# Thread: vlookup finding minutes and accumulating the time to hours

1. ## vlookup finding minutes and accumulating the time to hours

I am trying to do a VLOOKUP pulling in minutes but it comes over as a decimal. I would then like to add all the minutes and have a total yielding hours and minutes.

I am attaching a sample workbook. Worksheet "time w-s sorted" has the minutes in column L and Worksheet "Reimbursement" has the Vlookup in column J.

Much appreciated.

2. Copy of TIME MANIPULATION.xlsHi
please find a solution in the attached file

1.The decimal value you get after the vlookup is normal, it is time as XL sees it. Format to h:mm and you will see the usual time presentation
2, I indicated the sum on the second sheet. Be sure that it is custom formatted as [h]:mm, otherwise your sum will not exceed 24 hrs
3. In a formula like
Code:
`=SUM(E5*0.5)`
the SUM function is redundant
Code:
`=E5*0.5`
is perfect
4. Same thing for the formula on the first sheet
Code:
`=SUM(K2-J2)`
, the sum function is again redundant
5.If your stop time gets after midnight, a formula like
Code:
`=K2-J2`
will yield negative time, which is not accepted by XL. You van replace this formula with
Code:
`=MOD(K2-J2,1)`
which will always work

3. =MOD(K2-J2,1)
It won't give a negative number, but it always assume that the 2 dates are just 1 day apart. If the times explicitly include dates with the times, this formula wipes out any day difference. so a difference of 2 hrs, 1 day and 2 hours, 2 days and 2 hours, etc will only indicate a 2 hour difference for all of them. This may not always be appropriate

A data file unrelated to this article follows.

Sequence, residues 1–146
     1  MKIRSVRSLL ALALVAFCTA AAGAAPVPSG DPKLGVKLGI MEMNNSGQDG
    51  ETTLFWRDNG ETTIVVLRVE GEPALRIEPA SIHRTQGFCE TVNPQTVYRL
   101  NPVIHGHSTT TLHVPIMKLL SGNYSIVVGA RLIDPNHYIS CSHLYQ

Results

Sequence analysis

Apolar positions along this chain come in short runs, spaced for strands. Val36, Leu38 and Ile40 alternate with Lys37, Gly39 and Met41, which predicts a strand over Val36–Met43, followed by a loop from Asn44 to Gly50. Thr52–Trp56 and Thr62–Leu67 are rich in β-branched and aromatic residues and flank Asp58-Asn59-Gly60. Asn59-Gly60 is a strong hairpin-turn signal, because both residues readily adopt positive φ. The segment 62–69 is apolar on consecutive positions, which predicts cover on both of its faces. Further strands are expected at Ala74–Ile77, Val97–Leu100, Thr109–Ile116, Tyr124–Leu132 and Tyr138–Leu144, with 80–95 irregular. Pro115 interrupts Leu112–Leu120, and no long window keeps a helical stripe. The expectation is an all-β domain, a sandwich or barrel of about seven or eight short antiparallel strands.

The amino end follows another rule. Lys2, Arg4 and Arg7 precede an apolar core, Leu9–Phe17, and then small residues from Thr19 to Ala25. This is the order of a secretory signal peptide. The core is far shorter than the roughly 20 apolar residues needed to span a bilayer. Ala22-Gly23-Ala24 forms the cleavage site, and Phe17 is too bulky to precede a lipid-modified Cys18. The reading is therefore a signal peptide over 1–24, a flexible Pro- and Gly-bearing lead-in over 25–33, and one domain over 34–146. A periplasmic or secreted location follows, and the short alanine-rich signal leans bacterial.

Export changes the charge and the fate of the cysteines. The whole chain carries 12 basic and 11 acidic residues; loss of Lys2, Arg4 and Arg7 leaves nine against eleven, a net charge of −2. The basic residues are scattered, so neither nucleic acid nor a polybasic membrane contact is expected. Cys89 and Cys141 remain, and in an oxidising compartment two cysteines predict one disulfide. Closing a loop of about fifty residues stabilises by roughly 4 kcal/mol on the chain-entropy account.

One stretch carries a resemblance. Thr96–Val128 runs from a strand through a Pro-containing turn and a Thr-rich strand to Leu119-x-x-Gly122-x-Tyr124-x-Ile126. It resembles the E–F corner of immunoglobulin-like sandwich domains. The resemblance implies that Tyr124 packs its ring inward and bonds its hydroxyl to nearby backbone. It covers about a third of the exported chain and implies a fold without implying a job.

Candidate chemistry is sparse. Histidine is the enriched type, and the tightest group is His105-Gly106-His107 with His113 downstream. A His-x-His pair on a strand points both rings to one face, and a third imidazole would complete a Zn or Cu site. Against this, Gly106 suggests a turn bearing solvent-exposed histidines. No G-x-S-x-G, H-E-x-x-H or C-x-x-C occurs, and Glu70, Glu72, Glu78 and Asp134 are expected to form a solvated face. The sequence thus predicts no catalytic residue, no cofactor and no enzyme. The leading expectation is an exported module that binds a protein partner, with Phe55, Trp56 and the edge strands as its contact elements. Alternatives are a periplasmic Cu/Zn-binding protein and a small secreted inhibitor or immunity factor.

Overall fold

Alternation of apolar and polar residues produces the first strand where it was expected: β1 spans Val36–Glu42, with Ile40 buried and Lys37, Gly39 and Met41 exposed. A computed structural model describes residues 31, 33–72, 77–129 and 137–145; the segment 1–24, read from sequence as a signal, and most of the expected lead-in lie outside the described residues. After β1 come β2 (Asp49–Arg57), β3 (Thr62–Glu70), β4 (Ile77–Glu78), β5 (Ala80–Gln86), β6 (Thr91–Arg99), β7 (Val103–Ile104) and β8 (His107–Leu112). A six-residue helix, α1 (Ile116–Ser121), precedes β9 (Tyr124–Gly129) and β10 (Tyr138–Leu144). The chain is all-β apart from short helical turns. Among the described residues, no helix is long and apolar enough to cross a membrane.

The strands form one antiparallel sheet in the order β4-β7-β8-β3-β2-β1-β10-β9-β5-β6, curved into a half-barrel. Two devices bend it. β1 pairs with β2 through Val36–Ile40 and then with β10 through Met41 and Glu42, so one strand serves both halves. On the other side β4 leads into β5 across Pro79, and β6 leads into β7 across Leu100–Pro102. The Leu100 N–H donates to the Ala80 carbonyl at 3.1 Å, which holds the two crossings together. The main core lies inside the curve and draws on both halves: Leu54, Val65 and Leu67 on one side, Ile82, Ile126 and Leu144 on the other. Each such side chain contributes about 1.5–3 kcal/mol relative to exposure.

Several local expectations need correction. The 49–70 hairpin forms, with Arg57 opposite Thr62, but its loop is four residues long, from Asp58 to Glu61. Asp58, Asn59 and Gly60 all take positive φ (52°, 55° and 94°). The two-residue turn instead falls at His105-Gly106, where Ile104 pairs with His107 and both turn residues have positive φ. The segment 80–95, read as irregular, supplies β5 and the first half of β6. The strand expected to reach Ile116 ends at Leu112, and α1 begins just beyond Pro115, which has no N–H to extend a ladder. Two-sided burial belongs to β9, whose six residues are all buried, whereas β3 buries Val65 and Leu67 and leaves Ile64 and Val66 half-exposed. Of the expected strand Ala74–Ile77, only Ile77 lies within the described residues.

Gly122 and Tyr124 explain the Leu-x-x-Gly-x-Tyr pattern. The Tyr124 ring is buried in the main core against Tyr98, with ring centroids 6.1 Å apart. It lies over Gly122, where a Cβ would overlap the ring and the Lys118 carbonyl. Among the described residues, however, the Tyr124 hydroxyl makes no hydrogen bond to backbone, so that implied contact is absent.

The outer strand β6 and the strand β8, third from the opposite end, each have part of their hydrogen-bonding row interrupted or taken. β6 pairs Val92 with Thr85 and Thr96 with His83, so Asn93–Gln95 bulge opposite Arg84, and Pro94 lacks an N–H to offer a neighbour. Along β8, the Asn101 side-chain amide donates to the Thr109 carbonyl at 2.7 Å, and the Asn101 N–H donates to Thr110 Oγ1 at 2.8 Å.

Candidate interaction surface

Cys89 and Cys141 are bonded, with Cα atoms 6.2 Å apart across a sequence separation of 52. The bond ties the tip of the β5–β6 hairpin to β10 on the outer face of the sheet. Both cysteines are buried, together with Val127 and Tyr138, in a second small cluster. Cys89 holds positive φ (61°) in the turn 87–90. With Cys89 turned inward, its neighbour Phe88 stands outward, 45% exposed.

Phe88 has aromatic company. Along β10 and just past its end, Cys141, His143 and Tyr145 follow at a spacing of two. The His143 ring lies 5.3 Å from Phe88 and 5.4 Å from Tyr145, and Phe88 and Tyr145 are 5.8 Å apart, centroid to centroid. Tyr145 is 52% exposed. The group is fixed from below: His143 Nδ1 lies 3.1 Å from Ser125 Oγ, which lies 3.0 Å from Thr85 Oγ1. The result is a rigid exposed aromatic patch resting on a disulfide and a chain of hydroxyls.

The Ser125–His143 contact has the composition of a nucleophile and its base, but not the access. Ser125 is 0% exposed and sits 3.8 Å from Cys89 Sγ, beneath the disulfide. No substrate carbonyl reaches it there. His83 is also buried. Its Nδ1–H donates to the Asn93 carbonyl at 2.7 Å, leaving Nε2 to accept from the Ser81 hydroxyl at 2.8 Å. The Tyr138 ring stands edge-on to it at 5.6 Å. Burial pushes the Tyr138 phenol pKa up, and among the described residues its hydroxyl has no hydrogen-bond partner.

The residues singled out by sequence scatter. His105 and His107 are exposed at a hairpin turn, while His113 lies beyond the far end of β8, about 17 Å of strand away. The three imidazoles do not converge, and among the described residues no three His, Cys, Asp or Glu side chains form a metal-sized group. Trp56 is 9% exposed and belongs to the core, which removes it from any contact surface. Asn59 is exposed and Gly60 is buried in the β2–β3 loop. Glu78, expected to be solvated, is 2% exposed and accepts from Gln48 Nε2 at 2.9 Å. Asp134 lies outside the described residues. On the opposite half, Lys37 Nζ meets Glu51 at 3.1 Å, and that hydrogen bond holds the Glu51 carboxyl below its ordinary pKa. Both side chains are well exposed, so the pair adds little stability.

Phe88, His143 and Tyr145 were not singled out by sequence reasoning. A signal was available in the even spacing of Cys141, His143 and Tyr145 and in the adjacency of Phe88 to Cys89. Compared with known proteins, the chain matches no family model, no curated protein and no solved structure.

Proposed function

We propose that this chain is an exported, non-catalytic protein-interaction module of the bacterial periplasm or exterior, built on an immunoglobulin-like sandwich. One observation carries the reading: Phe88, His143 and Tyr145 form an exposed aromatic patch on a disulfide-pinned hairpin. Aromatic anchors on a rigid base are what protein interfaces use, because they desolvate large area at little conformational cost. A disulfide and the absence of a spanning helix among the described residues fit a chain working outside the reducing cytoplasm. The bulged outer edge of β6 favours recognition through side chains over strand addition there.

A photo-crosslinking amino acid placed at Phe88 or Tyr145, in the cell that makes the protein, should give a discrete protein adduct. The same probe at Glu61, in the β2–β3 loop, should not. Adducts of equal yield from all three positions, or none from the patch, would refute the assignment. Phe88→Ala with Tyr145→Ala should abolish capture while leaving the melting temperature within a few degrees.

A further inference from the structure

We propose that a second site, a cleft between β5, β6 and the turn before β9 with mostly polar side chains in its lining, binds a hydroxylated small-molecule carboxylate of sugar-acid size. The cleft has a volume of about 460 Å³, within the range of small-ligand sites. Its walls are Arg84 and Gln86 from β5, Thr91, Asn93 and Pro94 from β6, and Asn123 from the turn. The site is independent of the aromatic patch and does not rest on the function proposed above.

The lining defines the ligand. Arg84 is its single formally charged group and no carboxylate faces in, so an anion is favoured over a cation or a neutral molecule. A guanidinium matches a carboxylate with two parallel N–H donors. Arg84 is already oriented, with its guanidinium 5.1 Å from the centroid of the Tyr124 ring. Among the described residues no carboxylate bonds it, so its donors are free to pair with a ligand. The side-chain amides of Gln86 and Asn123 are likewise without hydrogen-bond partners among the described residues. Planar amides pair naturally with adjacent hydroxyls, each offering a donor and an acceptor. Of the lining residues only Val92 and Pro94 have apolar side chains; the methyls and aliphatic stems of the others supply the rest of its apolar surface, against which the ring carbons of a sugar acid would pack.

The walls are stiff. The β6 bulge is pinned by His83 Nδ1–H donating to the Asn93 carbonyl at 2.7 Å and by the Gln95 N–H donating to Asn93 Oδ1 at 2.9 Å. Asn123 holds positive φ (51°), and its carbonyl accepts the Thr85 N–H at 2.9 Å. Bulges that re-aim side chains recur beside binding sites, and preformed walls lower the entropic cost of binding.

Ignoring the negative values may also be masking a symptom of a mistyped number which would become more difficult to find

I would keep the simpler formula and include date information with the time if date changes are occuring or explicitly account for it in the formula

Steve

4. As the OP's example does not mention any dates,the MOD approach will do in my opinion. But then again, one can make things as complicated as one sees fit.

5. The OP's example doesn't include dates, but you are presuming date changes (if there are no date changes K2-J2 is perfectly acceptable). Your formula then presumes with these date changes that ALL difference are less than24 hours and any differences less than 0 are exactly 1 day (and 1 day only) later. No changes to the date values will correct these built-in presumptions. I point them out, since I think it is important for anyone following the thread to understand the presumptions in the calculations in case they want to use them. As I also indicated the formula will mask some mistyped numbers since you won't get error with negative numbers anymore as the formula just presume they are the next day.

Steve

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